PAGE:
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However, he also reminded ratepayers the draft annual plan process was "very fluid" and there was always a possibility unforeseen events could force it to change.
His comments came as the finance and corporate committee (comprised exclusively of councillors) considered the draft annual plan yesterday before recommending it be put out for public consultation later this month.
It took "good stewardship" and "governance" by the organisation to achieve the 0% increase, Mr Cairns said.
"Some in the community might wonder what those sneaky so-and-so's have left out . . . the answer is we have not dropped off anything."
The decision not to continue with its new headquarters had impacted, but so had the greater returns in interest than had been expected, Mr Cairns said.
"The community needs to remember that we always try to be prudent."
Committee chairman Cr Duncan Butcher said it was "all good news", especially given many of the targeted rates had not increased, for the first time in many years for some.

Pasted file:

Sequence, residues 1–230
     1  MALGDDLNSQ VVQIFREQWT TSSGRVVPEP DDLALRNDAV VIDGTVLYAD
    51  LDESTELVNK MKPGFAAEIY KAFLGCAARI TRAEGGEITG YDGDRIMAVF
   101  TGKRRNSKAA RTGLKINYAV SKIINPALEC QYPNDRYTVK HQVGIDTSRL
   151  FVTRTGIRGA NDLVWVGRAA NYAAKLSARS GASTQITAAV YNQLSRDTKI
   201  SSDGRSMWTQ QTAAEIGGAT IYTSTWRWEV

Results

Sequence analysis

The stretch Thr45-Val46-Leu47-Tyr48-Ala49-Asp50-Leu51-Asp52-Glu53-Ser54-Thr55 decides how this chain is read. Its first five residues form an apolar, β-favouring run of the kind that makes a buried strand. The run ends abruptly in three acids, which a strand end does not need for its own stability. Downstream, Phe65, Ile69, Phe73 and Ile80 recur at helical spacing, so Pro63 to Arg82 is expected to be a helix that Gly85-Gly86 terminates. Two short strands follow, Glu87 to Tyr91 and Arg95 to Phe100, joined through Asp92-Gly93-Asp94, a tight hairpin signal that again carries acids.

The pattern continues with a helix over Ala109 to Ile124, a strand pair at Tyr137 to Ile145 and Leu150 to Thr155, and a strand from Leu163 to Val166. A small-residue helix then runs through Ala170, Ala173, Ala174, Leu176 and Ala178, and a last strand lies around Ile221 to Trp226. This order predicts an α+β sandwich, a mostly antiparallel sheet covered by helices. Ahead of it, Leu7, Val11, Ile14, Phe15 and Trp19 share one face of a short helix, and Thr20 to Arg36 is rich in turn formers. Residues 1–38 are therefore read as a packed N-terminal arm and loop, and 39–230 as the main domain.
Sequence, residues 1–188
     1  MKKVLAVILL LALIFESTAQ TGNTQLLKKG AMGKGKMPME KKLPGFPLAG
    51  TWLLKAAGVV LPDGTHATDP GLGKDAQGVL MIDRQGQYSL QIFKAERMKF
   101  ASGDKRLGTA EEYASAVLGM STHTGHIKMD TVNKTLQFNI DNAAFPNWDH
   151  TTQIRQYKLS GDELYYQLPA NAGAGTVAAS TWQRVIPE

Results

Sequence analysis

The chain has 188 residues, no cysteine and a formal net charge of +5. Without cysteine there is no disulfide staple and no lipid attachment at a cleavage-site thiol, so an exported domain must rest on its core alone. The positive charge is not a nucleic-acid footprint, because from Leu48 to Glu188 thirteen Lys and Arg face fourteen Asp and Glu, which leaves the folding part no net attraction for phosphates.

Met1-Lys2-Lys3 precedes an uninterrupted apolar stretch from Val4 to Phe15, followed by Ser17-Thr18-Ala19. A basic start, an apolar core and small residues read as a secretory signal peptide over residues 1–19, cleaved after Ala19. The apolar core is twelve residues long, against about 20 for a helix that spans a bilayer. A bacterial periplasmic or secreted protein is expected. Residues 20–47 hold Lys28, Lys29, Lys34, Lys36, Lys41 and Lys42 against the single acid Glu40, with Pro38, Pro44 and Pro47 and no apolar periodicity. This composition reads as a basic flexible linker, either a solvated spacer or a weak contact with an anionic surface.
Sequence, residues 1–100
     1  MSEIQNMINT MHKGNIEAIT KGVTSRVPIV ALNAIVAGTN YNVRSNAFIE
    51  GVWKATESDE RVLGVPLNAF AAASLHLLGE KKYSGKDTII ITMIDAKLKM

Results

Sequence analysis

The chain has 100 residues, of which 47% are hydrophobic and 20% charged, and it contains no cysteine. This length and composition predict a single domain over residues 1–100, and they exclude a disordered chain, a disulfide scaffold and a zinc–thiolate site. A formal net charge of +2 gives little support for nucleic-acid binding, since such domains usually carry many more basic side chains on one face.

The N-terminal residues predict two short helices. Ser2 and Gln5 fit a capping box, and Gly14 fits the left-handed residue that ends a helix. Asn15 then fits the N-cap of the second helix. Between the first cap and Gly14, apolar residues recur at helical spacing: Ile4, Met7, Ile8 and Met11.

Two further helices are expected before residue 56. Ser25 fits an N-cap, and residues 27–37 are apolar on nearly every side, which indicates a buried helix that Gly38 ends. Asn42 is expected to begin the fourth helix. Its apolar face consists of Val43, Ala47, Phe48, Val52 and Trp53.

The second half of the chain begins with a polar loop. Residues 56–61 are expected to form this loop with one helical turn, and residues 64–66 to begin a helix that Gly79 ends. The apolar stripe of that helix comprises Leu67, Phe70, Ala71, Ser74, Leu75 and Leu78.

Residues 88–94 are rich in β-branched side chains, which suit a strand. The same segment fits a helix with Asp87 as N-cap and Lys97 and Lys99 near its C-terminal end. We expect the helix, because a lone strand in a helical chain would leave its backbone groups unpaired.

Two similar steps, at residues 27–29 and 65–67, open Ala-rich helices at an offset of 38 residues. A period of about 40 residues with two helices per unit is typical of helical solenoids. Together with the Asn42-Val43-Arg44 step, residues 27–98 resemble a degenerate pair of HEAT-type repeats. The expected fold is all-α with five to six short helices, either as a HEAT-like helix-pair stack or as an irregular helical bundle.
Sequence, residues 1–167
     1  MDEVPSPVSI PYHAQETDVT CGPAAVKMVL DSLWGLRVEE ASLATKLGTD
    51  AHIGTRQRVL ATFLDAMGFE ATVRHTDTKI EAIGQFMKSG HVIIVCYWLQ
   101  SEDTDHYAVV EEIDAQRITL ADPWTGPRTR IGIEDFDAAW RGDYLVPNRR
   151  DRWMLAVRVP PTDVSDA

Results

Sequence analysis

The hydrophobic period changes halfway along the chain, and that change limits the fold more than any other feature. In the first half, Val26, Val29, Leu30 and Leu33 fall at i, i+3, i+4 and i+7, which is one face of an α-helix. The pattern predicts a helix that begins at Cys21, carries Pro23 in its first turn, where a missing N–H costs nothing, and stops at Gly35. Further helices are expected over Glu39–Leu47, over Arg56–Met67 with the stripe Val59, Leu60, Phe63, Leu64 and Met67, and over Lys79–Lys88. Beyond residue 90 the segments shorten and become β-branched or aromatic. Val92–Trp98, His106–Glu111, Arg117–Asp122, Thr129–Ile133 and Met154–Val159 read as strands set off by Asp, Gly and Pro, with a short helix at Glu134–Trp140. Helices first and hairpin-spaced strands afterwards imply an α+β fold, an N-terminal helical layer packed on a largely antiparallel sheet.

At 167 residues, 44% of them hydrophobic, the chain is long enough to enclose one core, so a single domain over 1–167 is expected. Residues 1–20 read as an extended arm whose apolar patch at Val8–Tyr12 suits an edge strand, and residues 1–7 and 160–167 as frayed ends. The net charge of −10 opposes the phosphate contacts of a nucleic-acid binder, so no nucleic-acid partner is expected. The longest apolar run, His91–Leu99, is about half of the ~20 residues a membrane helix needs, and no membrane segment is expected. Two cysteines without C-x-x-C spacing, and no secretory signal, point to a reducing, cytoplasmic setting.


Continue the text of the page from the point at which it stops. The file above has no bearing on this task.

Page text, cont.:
Cr Bryan Scott said he was "personally very proud" of the result, but the council still had challenges ahead, like Leith Lindsay flood protection.
He was pleased the council was consulting on Taieri flood protection and drainage, the possible merger of Port Otago and the Lyttelton Port Company and continued work on air quality.
"We've also put on the table the strategy for non-point-source water quality."
Cr Stephen Woodhead said communities on the Taieri and Queenstown affected by targeted rate increases needed to be aware they were only rising because of capital investment in projects such as flood protection, drainage and transport.
A subcommittee was formed to hear submissions on the plan.
While its membership was not finalised, it included Mr Cairns and Crs Butcher, Doug Brown, Michael Deaker, Woodhead and Gerry Eckhoff.